When you provide liquidity to a pool, you are provided a LP token. When a trade is facilitate through the liquidity pool, a fee is charged and given out to all of the LP token holders, based on the amount of tokens they hold. These tokens are traded back in and burned to get your liquidity back.
When a trade happens, the price impact is determined by the size of the trade, in relation to the total size of the pool. A larger pool is able to handle larger trades with less impact, which is why a number of DEXs provide incentives in the form of extra tokens for providing liquidity. These will also provide less slippage, which is the amount the price can change between the start and end of your trade, based on the size of your trade compared with the pool.
Some other Decentralized Exchanges (DEXs) have taken a slightly different approach to how they handle their automated market maker. For example, Curve uses a different algorithm for handling pools with tokens that should have similar prices like stablecoins, or pairs of different flavors of the same coins. Balancer even has pools with up to 8 different tokens in them, so there are some interesting implementations of the technology out there.
Let’s use an example using Tether (USDT) paired with Ethereum (ETH), and I’m going to use my normal imaginary prices to make the math easier. We are going to create this pool on some imaginary exchange, and we will be the initial liquidity provider, so we get to set the prices.
Obviously, in normal circumstances, the pool would be created setting the current fair market price by providing an equal value of each of the tokens to the contract, because if the price is not the same as on another market, it provides an arbitrage opportunity and can result in lost capital. This would also hold true for anyone adding to the liquidity pool later on. See my post on Impermanent Loss for some more details about this important risk with liquidity pools.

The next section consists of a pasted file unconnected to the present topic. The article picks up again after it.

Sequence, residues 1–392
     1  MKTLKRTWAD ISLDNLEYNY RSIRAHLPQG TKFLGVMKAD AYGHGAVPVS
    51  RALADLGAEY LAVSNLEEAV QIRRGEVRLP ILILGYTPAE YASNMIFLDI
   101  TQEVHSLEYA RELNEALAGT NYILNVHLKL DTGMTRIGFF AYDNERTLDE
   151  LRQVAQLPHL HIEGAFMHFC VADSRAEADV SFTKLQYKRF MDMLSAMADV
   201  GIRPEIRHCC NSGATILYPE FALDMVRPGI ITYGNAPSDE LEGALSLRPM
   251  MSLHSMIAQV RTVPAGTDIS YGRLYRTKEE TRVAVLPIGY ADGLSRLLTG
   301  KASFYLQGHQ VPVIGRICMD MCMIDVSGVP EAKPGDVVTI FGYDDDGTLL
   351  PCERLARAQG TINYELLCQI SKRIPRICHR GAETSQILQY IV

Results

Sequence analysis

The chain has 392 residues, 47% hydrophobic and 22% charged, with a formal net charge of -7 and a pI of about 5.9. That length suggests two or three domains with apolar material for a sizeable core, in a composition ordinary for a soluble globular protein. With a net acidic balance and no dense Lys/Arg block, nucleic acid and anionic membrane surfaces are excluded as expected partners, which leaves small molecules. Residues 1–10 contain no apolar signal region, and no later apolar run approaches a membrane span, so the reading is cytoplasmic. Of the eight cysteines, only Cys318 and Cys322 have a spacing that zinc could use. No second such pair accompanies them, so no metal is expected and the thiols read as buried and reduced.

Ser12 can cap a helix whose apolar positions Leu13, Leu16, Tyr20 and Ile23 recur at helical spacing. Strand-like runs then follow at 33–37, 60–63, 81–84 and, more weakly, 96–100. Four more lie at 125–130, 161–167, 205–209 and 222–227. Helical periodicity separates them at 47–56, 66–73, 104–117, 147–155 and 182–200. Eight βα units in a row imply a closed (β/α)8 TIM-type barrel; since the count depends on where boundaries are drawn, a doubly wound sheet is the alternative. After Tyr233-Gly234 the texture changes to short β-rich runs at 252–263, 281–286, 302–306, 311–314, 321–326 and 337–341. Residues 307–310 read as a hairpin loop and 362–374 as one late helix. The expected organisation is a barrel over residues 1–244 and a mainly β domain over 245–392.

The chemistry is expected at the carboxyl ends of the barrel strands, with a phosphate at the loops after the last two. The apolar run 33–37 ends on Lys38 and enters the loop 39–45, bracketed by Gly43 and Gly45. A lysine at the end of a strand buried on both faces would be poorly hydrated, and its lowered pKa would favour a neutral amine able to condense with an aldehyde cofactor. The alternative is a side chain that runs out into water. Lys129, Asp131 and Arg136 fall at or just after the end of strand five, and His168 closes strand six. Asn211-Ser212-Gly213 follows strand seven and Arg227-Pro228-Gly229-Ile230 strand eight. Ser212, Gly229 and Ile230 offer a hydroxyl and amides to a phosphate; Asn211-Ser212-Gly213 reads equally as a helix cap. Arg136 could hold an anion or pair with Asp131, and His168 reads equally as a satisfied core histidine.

In this pool I throw in 50,000 USDT, and 50,000 ETH. This sets the initial price at 1 USDT per ETH, and when we plug this into our x * y = k formula to get our initial k value, we get 2,500,000,000. This value is now a constant for the pool (it could change if someone adds liquidity disproportionally later, but let’s ignore that fact for simplicities sake of the explanation).
Now, someone comes along and wants to buy 5000 ETH from the pool, so we need to do some math here to figure out how much USDT needs to be provided for this trade. We take the 5000 ETH out and have 45,000 left. So we take our constant k value of 2,500,000,000 and divide it by 45,000, giving us about 55,555.56. We already have 50,000, so the buyer needs to provide 5555.56 USDT for the trade. This also gives us a new price of 1.23 USDT per ETH. The buyer also pays an average price somewhere in the middle for their order. This difference is what is referred to as the slippage.